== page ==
When Katie Moras was just 15 years old, she found herself exploring Guatemala, where armed guards stood on every corner amidst the country’s civil war.
The Prior Lake resident and owner of El Bosque Encantado, a Spanish immersion school on the border of Savage and Prior Lake, says now that trip changed her entire life’s trajectory.
But she still can’t believe her parents let her go. She said the fearlessness of youth — when you don’t know any better — led her to ask her parents if she could go. She had made a friend in high school in Owatonna who was from Guatemala. The trip was a reverse exchange program, although she went on her own and not through a program.
Moras bought the ticket in early May at the end of 10th grade. She used the money she made babysitting and working as a cashier at McDonald’s. She rode her bike to the travel agent to buy the ticket for $752, she said.
“Things were different back then,” Moras said. “Back then you could do that.”
Still, her father was angry that she bought the ticket. They had said she could go but they didn’t believe she would actually follow through, Moras explained.
“I [now] understand the risks that maybe you don’t think about when you’re a kid,” said Moras, a mother to three children and a fourth foster child.
She had only two years of Spanish behind her when she went. She turned 16 during her trip, which was about two months long during the summer after school got out. Very little English was spoken where she went.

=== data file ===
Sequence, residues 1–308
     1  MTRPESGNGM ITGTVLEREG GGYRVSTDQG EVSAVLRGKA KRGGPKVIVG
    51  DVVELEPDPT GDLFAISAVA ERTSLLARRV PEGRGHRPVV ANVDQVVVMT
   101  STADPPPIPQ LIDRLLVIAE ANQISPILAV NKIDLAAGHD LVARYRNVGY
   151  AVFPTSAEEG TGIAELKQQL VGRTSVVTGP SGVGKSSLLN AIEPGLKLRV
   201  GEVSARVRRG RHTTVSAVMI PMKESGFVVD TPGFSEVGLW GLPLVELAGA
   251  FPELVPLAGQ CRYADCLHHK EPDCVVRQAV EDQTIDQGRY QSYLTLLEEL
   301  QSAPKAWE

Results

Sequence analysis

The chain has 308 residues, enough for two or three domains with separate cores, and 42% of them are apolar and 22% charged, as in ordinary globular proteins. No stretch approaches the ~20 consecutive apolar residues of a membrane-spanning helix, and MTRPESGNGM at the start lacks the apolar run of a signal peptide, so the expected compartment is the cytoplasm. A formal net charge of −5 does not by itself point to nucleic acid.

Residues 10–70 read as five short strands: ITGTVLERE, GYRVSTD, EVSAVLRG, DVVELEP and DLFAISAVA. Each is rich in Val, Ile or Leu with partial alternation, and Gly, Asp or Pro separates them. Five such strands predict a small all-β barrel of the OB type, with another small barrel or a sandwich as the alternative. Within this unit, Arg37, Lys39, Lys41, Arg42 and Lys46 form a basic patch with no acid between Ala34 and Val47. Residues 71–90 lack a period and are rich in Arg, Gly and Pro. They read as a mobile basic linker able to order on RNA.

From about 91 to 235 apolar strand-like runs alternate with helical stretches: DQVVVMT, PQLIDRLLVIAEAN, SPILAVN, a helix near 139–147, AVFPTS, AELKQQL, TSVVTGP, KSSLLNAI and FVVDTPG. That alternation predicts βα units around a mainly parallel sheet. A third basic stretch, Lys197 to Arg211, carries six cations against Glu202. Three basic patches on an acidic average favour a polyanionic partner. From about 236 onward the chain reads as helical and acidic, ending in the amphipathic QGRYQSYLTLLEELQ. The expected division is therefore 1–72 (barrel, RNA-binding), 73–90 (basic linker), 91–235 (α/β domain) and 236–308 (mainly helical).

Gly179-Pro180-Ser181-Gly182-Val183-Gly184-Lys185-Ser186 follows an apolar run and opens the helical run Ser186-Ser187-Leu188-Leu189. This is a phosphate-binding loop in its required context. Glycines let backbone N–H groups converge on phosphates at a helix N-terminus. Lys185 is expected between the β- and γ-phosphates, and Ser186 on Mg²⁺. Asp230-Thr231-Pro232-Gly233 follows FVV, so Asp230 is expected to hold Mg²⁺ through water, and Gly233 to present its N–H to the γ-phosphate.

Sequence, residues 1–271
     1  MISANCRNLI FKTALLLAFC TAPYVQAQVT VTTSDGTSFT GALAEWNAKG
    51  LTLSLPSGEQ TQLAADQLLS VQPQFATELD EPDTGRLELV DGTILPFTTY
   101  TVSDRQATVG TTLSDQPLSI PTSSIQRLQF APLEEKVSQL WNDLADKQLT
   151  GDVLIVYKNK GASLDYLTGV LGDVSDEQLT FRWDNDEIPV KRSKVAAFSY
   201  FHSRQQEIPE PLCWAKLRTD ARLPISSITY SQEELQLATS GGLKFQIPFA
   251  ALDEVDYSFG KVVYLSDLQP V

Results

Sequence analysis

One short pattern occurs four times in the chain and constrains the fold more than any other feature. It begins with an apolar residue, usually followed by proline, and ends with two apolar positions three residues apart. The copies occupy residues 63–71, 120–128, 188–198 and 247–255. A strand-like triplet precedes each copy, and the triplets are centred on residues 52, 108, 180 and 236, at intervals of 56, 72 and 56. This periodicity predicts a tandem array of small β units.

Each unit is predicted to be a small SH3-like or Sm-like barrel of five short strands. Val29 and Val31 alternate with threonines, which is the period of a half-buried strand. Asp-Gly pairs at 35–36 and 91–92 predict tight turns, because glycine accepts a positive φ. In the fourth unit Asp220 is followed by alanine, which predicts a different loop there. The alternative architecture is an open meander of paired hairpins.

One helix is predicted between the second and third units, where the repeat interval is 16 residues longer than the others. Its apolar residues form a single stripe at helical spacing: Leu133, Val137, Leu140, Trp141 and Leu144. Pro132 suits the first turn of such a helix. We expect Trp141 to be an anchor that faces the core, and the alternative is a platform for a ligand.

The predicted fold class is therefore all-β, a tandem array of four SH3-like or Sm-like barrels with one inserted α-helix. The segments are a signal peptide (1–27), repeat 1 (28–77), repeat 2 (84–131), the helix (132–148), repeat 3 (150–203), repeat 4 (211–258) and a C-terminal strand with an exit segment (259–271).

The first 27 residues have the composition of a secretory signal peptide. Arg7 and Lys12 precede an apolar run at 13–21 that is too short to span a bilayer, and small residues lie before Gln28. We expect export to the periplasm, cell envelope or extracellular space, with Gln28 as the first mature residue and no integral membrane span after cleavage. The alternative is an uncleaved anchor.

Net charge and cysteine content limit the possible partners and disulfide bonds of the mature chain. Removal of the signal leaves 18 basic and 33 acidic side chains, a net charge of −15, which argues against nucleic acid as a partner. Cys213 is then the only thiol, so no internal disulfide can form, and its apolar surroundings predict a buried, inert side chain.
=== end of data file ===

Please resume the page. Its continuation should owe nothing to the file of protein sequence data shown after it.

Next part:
“It was the first time in my life I had been a minority,” Moras said.
But she felt safe. She spent time with her new friends, her friend’s mom and the maid.
When she came home, she knew something was different. She was different. But she didn’t quite know how to articulate that.
“I didn’t know it was going to change the rest of my life,” Moras said.
To this day, for example, anytime she feels nervous about something, she refers back to her trip. Even though she never felt unsafe or afraid while she was there, looking back she is in awe of having been there so young and at a time when the country was in civil war.
“Nothing’s probably as scary as what I just did,” she would think to herself.
She also said she learned to say yes to new opportunities. For example, when she was going to college at the University of Minnesota, she spent a week and a half in Brownsville, Texas, with U.S. Customs and Border Protection. She learned about border crossing, detaining and the immigration system.
Moras said she felt like opening her business, El Bosque Encantado, was much scarier than the traveling she’s done.
“I’m not a financial risk-taker,” she said.
But she and her husband said traveling is important for their family. She said they want their kids to have perspective on how many people live around the world. In Prior Lake, the area is quiet, clean and safe. People here don’t deal with the same struggles that people in many areas of the world do.
Their kids have been to Guatemala, Bogota, Colombia and to Costa Rica. She and her 9-year-old daughter this spring went to Juarez, Mexico, on a mission trip.
“I don’t want my kids to have a sense of entitlement,” Moras said.
And it’s all because of time spent in another country at a young age.
They call it the formative years for a reason.
Soul of the Southwest is a series about the people of Scott County and the Southwest Twin Cities suburbs. It covers people who have stories to share about love and loss, wellness and sickness, life and death, and everything in between. To send an idea, contact reporter Britt Johnsen at firstname.lastname@example.org or (952) 345-6381.